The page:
October 10th is World Mental Health day which is a day dedicated to raising awareness of mental health issues in an effort to reduce stigma. The theme for this year is suicide and suicide prevention. According to research by the Samaritans in 2018, deaths by suicide rose by 11.8% in the UK with a 23.7% rise in people under 25 years old.
Today I wanted to share some of my own story with mental illness and suicide. I have been struggling with my mental health issues ever since I was a child, but it only became significant enough for me to reach out for help when I was a teenager. I remember feeling so horribly depressed. I felt like I was being crushed under an invisible weight that made my whole body feel heavy and it hurt to breathe. I had no motivation, no energy and no desire. I was going through the motions and pretending to be what everyone expected of me. Pretending to be a normal 14-year-old who had friends and enjoyed school, but I knew, inside, that something was very wrong. When I got home, I was be exhausted and consumed with dark thoughts about myself. I thought I was poison, that I was a horrible, worthless, selfish excuse of a person that no one really liked. I convinced myself that my friends were simply tolerating me, and my teachers thought I was stupid but were too polite to say it to my face. I would hide in my room and cut myself. I deeply believed that I deserved to be punished and harming myself was the only way I could be a better person.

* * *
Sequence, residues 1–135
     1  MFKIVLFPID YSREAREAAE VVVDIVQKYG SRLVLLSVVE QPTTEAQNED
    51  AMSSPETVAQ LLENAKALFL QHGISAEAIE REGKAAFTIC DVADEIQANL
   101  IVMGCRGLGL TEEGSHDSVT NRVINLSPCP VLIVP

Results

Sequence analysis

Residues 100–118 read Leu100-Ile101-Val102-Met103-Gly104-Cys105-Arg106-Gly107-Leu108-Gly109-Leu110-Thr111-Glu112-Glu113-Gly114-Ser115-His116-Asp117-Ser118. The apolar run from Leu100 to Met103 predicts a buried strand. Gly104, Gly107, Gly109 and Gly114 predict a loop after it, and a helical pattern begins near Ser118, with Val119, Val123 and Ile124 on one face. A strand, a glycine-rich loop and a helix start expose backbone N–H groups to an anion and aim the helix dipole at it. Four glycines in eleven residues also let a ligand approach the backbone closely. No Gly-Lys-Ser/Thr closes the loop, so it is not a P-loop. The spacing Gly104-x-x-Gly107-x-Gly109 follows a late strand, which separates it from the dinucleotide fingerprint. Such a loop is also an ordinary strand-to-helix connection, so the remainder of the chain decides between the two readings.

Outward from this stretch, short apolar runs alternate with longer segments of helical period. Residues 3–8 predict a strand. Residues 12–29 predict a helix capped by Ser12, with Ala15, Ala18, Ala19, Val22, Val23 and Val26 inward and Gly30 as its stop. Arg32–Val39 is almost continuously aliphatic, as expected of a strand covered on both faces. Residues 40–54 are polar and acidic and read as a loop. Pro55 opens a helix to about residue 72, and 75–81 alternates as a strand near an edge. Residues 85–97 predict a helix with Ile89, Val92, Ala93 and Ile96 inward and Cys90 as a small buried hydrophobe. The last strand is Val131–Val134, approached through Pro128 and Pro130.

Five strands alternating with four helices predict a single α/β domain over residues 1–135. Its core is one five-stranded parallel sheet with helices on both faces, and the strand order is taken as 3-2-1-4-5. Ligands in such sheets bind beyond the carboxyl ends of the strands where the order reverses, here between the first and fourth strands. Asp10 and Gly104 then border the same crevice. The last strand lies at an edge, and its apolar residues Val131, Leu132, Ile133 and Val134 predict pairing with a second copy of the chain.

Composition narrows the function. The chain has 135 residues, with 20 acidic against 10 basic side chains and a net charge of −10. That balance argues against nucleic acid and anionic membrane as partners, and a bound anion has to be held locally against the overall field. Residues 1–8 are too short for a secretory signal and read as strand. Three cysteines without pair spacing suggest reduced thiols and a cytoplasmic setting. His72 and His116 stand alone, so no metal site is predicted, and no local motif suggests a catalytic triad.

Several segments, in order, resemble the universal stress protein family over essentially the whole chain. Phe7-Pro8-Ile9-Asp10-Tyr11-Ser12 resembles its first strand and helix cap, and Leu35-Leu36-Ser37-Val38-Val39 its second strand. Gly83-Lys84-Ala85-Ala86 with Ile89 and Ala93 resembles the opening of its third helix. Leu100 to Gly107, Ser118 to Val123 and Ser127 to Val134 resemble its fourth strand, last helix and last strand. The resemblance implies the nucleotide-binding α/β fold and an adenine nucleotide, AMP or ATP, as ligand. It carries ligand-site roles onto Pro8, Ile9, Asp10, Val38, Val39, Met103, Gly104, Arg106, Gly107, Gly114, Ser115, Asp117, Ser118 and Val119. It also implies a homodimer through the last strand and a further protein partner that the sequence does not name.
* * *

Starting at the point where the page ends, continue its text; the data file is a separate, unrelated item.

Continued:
At night I would pray to a God that I didn’t really believe in that I would die in my sleep. I begged for him to just let me die. I was in so much pain emotionally, it felt unbearable. I was too scared to talk to anyone; I was terrified they would think I was crazy or stupid and I would get in trouble. I was alone in my pain and it was utter torture that seemed unending. I needed a way out.
One afternoon at school, I was sat at a computer during a maths lesson and I couldn’t focus. I felt like I was suffocating. The weight was too heavy, and I was being crushed but no one around me could see it. I remember looking out of the classroom window on a brilliantly sunny day and I was struck by how beautiful it all looked. The fresh grass and pink blossom in the trees with gorgeous sunshine streaming down on it. The world was such a beautiful place and here I was, with all my darkness and my poison, contaminating it all. I was making the world ugly just by living in it. It was then I decided, I needed to be eradicated.
After school, I went to my parent’s house because I knew they wouldn’t be home for hours and I would be alone. I lived with my great grandmother at the time and I knew where my parents kept some of her medication. I pulled out as many pill packets as I could find and lined them up on the kitchen counter. I poured myself a glass of water and that’s when the reality of what I was about to do hit. What was my grandmother going to do if I died? Who would take care of her? How would my parents feel when they come home to my dead body? Frustration and helplessness hit when I realised, I couldn’t take my life. Not then. I sat on the kitchen floor and sobbed. I screamed at the thought of having to keep living. I was consumed with crippling despair.
Since then I have attempted suicide several times and I have lost friends to suicide. It’s devastating when someone is in so much pain that dying feels like their only option.
If you are thinking about suicide, I am so sorry that you are suffering. You are not alone. There is hope and I know it doesn’t feel like it right now, everything feels bleak and painful, but it won’t last forever. Things can change. There is help out there. Please reach out to someone. Don’t suffer in silence.
Here are some helpful organisations
Campaign Against Living Miserably (CALM) – for men
Call 0800 58 58 58 – 5pm to midnight every day
If you are in immediate danger please call an ambulance or take yourself to A&E. You deserve help and support.